About Noonday Underground
The duo of DJ Simon Dine and vocalist Daisy Martey threw their hats into the ever-growing ring of record-collector rock as trip-hop collective Noonday Underground. After Dine's departure from Adventures in Stereo around 1997, the duo hooked up after allegedly bumping into each other at a Clapham pizza restaurant. Debut EP How Happy appeared on Underground Sounds in 1997, followed by swinging single "London" on Jonathon Whiskey in 1999. Culling their influences from all things late '60s -- from exotic film music to West Coast pop to the production techniques of Jack Nitzsche -- they quietly issued their sample-heavy debut LP, Self-Assembly, on M21 in 2000. Setanta reissued the record the following year, and the album received acclaim, garnering the group a small but dedicated fan base. Paul Weller was an early supporter of the duo; in a poll for NME, he rather bizarrely listed them as "Most Influential Band of All Time." After a few more singles, sophomore album Surface Noise (featuring two guest appearances by Weller) appeared on Setanta in 2002. Japanese label Vroom Sound Records issued Set Sail, a collection of tracks taken from the group's singles and EPs, in 2003.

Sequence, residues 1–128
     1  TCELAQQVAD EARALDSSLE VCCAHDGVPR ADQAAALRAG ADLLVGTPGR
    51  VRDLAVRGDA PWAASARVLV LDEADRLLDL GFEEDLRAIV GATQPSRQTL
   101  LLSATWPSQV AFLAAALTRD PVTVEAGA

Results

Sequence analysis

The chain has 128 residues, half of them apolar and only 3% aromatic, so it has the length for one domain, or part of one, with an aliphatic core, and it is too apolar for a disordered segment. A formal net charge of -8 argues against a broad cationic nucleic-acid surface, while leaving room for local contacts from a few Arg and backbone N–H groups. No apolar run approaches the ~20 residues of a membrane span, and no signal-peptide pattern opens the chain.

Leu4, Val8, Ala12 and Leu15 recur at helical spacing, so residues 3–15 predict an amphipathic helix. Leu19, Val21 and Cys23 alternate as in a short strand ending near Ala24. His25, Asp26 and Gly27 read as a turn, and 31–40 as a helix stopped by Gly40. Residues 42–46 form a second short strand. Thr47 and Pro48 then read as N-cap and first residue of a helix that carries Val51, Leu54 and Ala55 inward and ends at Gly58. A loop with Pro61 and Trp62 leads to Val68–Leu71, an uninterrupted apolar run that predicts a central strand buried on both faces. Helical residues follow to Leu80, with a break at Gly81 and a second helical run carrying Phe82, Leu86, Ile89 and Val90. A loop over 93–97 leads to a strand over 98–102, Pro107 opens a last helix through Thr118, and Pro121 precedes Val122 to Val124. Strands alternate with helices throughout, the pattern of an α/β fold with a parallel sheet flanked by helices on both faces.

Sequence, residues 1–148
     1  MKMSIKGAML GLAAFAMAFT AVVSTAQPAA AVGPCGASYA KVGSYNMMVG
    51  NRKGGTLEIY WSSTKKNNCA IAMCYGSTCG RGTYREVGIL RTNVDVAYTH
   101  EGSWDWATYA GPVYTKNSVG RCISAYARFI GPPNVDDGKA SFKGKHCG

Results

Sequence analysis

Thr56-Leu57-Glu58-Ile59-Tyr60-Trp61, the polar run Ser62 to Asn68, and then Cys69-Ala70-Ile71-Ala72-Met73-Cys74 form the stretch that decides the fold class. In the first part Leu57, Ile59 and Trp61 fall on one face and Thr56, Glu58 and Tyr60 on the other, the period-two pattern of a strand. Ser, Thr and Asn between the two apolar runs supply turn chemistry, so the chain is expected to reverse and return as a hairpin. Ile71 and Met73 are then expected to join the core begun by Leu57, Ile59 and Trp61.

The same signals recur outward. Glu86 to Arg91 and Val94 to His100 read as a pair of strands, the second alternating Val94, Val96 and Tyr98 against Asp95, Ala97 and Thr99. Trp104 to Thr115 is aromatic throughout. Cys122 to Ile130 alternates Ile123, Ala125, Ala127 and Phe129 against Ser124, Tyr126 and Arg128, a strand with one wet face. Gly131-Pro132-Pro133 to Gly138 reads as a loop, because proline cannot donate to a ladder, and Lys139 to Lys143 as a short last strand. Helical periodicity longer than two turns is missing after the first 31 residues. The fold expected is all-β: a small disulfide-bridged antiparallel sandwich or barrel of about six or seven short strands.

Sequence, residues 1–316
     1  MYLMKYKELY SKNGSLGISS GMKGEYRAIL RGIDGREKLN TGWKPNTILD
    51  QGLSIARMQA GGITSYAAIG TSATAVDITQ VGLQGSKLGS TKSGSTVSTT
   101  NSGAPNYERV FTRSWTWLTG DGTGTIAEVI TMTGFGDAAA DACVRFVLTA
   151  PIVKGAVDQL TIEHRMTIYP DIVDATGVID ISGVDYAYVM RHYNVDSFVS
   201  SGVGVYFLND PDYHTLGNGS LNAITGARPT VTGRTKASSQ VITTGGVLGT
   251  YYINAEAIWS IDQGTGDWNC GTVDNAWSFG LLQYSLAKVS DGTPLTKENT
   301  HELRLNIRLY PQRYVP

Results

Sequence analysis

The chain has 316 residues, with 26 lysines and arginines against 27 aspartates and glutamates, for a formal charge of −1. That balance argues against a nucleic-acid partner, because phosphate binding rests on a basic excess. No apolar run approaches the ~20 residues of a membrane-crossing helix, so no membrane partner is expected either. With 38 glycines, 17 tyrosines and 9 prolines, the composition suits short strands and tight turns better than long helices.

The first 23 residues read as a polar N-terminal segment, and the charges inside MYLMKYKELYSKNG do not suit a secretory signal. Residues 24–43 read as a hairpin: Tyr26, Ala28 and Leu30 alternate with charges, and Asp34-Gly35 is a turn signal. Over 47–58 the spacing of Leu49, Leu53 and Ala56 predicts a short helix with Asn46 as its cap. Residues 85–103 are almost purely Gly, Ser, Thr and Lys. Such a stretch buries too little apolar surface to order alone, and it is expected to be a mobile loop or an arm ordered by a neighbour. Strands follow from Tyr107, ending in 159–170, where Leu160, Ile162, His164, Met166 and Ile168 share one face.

In 2005, Martey joined popular trip-hop band Morcheeba, temporarily replacing their original vocalist, Skye Edwards, who released solo material before eventually rejoining the band. She still remained a member of Noonday Underground, however, singing on their third full-length, 2006's On the Freedom Flotilla. The 2010 album The K-O Chorale featured a patchwork quilt of sampled choral vocals, rather than Martey's singing. Noonday Underground returned in 2015 with Body Parts for Modern Art, a lengthy compilation of previously unreleased songs and instrumentals dating back to Dine's days with Adventures in Stereo. The CD was released by Japanese label Stubbie Records. ~ Andy Kellman, Rovi